Researchers create a molecular spintronics switch

Researchers from the University of Würzburg managed to create a molecular spintronics switch, using a manganese phthalocyanine molecule. The researchers succeeded in manipulating this molecule using a special deposit and an electrical field to permanently take on two different states.

Molecular spintronics switch bismuth/ silver (Wurzburg)

This molecule cannot be normally switched, but the researchers managed to develop the switch by placing the molecule on metallic surface built from silver and bismuth atoms.

A new design that uses electrically-controlled Hydrogen ions is promising for next-generation spintronics devices

Researchers from MIT and the Brookhaven National Laboratory have demonstrated how the magnetic properties of thin-film materials can be controlled be using electrically-controlled hydrogen ions.

Hydrogen ions controlled by an electric voltage change the magnetic properties of an adjacent magnetic layer photo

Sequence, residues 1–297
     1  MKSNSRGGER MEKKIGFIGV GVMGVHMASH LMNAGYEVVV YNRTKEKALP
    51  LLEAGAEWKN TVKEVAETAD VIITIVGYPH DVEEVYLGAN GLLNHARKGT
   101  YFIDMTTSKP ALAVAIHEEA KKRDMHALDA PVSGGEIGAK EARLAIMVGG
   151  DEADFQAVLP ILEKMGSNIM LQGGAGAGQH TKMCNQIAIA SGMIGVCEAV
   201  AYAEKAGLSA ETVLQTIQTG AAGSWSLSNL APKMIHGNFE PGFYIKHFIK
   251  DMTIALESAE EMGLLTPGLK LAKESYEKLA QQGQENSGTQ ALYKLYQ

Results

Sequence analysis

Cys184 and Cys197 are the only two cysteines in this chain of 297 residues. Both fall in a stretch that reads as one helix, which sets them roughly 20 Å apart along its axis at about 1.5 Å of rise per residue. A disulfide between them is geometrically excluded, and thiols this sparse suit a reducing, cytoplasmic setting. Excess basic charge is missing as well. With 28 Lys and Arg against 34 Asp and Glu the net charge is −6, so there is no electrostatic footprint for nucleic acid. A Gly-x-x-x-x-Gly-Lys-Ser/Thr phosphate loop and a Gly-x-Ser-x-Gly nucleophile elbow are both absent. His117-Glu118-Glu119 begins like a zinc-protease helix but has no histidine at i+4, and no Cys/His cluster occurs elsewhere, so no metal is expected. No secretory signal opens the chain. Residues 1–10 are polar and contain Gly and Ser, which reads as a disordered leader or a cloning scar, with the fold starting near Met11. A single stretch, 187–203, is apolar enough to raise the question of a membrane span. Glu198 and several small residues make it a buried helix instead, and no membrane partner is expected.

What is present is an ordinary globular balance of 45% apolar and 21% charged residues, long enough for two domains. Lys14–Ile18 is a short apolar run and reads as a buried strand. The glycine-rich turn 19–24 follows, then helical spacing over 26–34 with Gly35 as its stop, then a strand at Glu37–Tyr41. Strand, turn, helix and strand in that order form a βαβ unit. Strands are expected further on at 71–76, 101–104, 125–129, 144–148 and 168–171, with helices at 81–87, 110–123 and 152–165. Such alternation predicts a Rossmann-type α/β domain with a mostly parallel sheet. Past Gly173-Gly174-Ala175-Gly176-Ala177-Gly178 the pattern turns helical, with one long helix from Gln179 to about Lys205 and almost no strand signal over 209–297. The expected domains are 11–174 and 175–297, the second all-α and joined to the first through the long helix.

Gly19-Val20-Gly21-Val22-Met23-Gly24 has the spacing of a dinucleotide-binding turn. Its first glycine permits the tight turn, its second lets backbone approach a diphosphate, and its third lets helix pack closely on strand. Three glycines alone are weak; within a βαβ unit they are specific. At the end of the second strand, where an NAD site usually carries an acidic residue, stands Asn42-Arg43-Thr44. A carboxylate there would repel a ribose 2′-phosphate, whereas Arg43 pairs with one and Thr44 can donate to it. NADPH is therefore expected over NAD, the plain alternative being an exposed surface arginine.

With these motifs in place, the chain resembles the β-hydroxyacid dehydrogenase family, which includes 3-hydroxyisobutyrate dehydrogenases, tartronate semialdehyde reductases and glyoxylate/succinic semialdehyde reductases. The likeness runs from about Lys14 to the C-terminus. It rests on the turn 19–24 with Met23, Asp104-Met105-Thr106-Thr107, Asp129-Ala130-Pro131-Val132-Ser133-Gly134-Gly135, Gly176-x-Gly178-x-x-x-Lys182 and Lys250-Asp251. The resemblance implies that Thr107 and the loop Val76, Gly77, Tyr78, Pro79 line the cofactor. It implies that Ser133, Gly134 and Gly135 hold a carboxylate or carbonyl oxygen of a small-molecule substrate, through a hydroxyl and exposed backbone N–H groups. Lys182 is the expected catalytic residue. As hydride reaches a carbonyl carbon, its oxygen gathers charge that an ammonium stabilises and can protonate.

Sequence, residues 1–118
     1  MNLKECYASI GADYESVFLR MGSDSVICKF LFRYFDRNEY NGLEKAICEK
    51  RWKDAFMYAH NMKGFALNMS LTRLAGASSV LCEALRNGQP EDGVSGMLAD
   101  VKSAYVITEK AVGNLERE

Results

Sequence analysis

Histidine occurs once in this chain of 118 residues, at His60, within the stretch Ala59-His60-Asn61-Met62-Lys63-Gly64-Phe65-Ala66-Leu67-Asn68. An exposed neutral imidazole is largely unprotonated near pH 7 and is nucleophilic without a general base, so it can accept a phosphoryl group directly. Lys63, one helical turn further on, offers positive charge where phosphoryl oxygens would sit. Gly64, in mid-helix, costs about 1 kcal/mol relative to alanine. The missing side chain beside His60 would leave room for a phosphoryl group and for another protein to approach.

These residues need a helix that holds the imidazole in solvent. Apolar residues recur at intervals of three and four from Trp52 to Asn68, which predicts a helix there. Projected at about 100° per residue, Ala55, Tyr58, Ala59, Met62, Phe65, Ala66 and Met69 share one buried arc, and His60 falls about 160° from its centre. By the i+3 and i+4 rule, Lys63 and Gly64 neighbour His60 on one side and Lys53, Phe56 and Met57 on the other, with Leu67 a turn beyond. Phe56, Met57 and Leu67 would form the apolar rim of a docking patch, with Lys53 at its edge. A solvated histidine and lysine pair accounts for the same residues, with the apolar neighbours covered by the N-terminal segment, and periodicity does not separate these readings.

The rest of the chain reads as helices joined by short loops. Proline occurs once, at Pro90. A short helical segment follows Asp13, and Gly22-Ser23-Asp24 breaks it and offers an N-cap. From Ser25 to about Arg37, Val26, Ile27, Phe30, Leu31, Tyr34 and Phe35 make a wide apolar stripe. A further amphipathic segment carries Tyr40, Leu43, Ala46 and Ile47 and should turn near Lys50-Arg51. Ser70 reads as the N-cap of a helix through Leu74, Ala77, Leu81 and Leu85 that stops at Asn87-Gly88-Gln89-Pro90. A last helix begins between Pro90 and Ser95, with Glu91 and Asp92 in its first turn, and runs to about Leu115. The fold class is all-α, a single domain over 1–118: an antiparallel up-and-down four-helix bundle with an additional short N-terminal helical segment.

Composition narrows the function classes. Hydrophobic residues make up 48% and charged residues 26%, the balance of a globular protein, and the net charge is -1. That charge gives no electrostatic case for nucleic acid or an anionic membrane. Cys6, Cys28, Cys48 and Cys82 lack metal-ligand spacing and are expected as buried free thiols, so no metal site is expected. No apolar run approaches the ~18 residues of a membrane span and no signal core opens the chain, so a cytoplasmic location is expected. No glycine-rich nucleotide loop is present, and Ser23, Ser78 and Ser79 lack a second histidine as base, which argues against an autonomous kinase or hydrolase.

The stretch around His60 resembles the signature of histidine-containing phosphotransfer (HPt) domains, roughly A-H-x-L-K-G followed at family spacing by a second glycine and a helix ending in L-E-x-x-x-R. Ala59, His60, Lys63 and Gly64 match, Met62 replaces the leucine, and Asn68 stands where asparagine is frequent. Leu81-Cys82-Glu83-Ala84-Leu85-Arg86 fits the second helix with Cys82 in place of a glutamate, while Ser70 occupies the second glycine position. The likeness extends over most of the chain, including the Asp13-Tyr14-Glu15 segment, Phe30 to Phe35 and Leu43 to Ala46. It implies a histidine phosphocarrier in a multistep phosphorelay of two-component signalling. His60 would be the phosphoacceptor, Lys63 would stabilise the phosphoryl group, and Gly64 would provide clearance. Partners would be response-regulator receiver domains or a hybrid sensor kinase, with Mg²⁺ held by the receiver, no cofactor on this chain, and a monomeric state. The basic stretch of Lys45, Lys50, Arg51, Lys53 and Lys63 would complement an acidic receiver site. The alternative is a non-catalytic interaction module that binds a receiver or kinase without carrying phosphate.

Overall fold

The researchers say that this new mechanism is much faster and has many advantages over the current method using larger oxygen ions.The researchers have also demonstrated that the process produces no degradation of the material after more than 2,000 cycles. As the hydrogen ions are smaller, they can easily pass through metal layers, which allows to control properties of layers deep in a device that couldn't be controlled in any other way.

The US NIST to establish a $10 million spintronics material research facility in Minnesota

The US National Institute of Standards and Technology (NIST) and its partners in the US Nanoelectronic Computing Research (nCORE) consortium have awarded $10.3 million over four years to establish a spintronics research center in Mineesota.

The Center for Spintronic Materials in Advanced Information Technologies (SMART) will be led by and housed at the University of Minnesota Twin Cities and will include researchers from the Massachusetts Institute of Technology, Pennsylvania State University, Georgetown University and the University of Maryland.